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Penguins: Sphenisciformes - Magellanic Penguin (spheniscus Magellanicus): Species Accounts

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Physical characteristics: Although both sexes measure 28 inches (71 centimeters), the male weighs more (5.9 to 9.0 pounds [2.7 to 4.1 kilograms]) than the female (6.4 to 10.6 pounds (2.9 to 4.8 kilograms]). This penguin has two black strips across its white chest. The cheeks and cap are brownish black, and the white under parts are speckled with black. The brown eyes look out over a short black bill. Feet are pink with black spots.

Magellanic penguins often return to the same nesting site every year. (Illustration by Patricia Ferrer. Reproduced by permission.)

Geographic range: This bird lives in central Chile and Argentina, south to Cape Horn and the Falkland Islands. Magellanic penguins migrate (travel to another region seasonally) from April to August. Those at the tip of South America travel as far north as Peru and Brazil.


Habitat: Magellanic penguins breed on islands in flat areas as well as on cliffs. They feed close to shore during breeding season.


Diet: This bird prefers schooling fish and squid.


Behavior and reproduction: Like other penguins the Magellanic species breeds in large colonies. They often return to the same nesting site year after year. This bird nests in burrows where possible, in ground nests when not. Both sexes build the nest and share all incubation and parenting duties. The chick from the second laid egg is less likely to survive than its older sibling. The chicks are fed regurgitated food every two to three days.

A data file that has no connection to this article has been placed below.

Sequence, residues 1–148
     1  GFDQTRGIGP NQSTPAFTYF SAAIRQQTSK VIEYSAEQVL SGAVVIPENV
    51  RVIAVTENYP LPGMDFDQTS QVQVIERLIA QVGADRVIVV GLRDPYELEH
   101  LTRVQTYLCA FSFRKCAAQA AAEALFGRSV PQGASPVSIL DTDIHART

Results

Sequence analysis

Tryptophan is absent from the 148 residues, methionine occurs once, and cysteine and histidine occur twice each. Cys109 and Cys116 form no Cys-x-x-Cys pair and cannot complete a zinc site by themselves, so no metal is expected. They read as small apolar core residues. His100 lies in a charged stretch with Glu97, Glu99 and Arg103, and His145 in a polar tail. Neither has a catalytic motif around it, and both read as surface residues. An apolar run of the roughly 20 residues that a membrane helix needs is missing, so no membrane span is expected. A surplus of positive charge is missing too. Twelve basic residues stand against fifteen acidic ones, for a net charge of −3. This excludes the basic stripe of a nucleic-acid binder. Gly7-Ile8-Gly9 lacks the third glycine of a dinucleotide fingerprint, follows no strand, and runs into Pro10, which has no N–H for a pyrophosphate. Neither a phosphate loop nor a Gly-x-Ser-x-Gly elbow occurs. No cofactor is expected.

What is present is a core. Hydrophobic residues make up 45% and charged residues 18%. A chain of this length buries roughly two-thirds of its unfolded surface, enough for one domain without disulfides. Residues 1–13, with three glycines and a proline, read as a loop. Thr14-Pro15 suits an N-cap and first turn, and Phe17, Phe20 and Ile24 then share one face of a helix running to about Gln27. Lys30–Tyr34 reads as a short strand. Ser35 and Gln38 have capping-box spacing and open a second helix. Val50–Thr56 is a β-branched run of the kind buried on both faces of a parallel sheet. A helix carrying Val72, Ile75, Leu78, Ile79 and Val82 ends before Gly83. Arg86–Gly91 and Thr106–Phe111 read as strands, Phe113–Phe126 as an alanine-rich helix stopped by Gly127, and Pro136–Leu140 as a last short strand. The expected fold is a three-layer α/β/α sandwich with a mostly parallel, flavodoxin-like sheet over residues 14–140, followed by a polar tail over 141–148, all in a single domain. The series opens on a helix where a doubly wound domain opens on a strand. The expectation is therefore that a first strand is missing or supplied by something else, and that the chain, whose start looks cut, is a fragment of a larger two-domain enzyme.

Magellanic penguins and people: Once hunted for meat and skins, this penguin is a major attraction for ecotourists at Punta Tombo in Argentina.


Conservation status: Magellanic penguins are listed as Near Threatened by the IUCN. Oil pollution is the biggest threat to this species, though their numbers are still in the millions. ∎


FOR MORE INFORMATION

Books:

Lanting, Frans, and Christine Eckstrom. Penguin. Cologne, Germany: Taschen, 1999.

Naveen, Ron.Waiting to Fly: My Escapades with the Penguins of Antarctica. New York: HarperTrade, 2000.

Schafer, Kevin. Penguin Planet: Their World, Our World. Hopkins, MN: Northword, 2000.

Swan, Erin Pembrey, et al. Penguins: From Emperors to Macaronis (Animals in Order). Franklin Watts, 2003.

Periodicals:

Stricherz, Vince. "Penguins Ingest Mollusk Shells to Obtain Calcium for Thicker Shells." University of Washington News (May 11, 2004). Online at http://www.uwnews.org/article.asp?articleID=4281 (accessed on May 12, 2004).


Web sites:

Antarctica and Southern Ocean Coalition. http://www.asoc.org/ (accessed on July 14, 2004).

Defenders of Wildlife. http://www.defenders.org/ (accessed on July 14, 2004).

"Emperor Penguins Fun Facts." National Geographic Kids. http://www.nationalgeographic.com/kids/creature_feature/0101/penguins2.html (accessed on May 12, 2004).

"Longevity and Causes of Death." Seaworld. http://www.seaworld.org/infobooks/Penguins/longevity.html (accessed on May 12, 2004).

"Magellanic." The Penguin Taxon Advisory Group. http://www.penguintag.org/species_index_magellanic.htm (accessed on May 12, 2004).

"Magellanic Penguin." San Francisco Zoo. http://www.sfzoo.org/cgi-bin/animals.py?ID=54 (accessed on May 12, 2004).

"Spheniscidae-Penguins." EarthLife. http://www.earthlife.net/birds/spheniscidae.html (accessed on May 12, 2004).

"Wildlife of Antarctica: Macaroni Penguin." Antarctic Connection. http://www.antarcticconnection.com/antarctic/wildlife/penguins/macaroni.shtml (accessed on May 12, 2004).

"The World of Penguins." Public Broadcasting Service (PBS). http://www.pbs.org/wnet/nature/penguins/ (accessed on May 13, 2004).

World Wildlife Fund. http://www.worldwildlife.org (accessed on July 14, 2004).

[back] Penguins: Sphenisciformes - Macaroni Penguin (eudyptes Chrysolophus): Species Accounts

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